At least 10 people have been murdered in clashes between farmers and herders in southern Chad, an area that frequently experiences such violence, a local governor told AFP on Saturday.
Conflict between sedentary farmers who are mainly Christian or animist and predominantly Muslim nomadic herders has seized the fertile border regions of Chad, Cameroon, and the Central African Republic.
Tensions are historically rooted in rivalry over land.
The farmers often accuse the herders of letting their cattle trample their crops and eat them, while the herders say they have the traditional right to graze there.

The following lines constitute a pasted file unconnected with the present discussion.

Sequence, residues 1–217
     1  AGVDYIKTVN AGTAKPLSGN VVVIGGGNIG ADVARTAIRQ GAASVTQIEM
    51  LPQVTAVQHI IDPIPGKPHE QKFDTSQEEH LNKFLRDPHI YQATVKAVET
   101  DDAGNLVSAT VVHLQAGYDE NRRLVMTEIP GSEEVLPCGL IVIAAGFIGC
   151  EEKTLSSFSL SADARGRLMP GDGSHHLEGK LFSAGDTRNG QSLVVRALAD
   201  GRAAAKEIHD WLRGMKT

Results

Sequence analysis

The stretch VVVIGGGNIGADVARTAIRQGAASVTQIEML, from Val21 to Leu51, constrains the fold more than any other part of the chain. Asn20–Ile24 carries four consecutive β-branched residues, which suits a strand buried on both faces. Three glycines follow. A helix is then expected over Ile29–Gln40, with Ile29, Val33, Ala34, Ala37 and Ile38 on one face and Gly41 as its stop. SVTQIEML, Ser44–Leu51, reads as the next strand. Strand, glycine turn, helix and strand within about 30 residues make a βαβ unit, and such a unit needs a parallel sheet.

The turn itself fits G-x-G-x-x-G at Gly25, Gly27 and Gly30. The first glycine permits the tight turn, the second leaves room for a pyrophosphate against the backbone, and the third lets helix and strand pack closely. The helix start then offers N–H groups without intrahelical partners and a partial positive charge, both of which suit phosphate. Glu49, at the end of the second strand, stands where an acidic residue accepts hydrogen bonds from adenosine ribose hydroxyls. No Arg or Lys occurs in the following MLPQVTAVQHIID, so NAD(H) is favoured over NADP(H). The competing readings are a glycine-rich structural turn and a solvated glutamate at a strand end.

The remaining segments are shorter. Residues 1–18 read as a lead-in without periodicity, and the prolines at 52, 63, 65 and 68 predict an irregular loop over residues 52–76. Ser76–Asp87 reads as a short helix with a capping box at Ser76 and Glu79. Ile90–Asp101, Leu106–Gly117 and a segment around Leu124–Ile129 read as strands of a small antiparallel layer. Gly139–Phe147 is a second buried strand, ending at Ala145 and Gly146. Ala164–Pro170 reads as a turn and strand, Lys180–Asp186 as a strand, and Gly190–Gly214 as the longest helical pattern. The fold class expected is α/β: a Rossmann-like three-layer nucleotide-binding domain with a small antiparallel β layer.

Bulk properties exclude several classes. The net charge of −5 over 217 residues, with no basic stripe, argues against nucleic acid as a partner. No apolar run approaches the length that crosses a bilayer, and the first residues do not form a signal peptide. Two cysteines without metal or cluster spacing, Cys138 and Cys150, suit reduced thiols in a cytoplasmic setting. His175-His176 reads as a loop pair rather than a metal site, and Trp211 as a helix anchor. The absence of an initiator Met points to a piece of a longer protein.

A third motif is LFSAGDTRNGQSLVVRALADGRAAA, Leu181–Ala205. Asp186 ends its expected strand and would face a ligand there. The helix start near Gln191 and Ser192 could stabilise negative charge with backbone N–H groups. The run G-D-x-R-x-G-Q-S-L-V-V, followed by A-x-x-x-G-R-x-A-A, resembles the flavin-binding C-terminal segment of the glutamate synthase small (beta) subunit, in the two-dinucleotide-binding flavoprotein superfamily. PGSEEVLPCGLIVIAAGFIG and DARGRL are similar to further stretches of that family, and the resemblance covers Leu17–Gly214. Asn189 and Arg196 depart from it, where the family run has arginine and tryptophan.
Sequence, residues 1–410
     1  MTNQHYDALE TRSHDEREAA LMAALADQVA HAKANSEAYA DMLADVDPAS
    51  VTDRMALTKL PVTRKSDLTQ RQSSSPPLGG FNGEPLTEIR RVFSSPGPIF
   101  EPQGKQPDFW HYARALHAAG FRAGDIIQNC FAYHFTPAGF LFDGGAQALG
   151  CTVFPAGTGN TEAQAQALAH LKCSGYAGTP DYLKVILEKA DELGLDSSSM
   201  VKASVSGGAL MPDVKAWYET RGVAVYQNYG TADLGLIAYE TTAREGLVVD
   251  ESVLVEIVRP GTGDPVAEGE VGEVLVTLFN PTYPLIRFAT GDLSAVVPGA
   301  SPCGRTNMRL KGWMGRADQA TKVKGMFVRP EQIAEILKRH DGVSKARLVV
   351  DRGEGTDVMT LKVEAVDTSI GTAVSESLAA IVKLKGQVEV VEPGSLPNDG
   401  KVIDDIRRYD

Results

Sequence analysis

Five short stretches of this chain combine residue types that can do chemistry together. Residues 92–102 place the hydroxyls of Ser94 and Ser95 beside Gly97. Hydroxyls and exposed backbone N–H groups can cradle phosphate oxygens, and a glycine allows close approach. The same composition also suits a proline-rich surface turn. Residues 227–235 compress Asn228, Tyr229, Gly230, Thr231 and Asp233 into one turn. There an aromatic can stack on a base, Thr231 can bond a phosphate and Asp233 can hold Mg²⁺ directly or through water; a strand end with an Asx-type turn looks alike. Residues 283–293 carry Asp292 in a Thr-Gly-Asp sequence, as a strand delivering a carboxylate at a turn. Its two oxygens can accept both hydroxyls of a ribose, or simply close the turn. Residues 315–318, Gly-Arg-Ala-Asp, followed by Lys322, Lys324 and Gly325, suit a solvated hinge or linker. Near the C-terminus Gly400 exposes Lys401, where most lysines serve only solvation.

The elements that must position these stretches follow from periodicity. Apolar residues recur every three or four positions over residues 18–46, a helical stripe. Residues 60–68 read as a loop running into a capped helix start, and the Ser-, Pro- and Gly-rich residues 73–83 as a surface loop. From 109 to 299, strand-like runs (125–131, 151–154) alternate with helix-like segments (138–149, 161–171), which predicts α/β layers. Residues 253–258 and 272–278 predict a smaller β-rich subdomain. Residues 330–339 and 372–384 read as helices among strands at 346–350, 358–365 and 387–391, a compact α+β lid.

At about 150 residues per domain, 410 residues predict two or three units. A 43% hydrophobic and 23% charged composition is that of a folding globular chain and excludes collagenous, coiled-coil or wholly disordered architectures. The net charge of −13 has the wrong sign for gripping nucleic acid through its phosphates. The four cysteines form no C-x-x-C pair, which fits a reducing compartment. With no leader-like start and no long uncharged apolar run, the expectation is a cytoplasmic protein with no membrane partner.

The latest outbreak of violence occurred on Thursday, when a 12-year-old herder took his animals onto a farmer’s peanut field, leading to an altercation that left the child dead, Adoum Forteye Amadou, the governor of the Madoul region, told AFP by telephone.
His parents then killed nine farmers in revenge, Amadou said, adding that the incident occurred near the village of Bara II, 600 kilometres southeast of the capital of N’Djamena.
“Five herders, the authors of the killing spree, have been arrested, as well as the murderer of the young herder,” he said.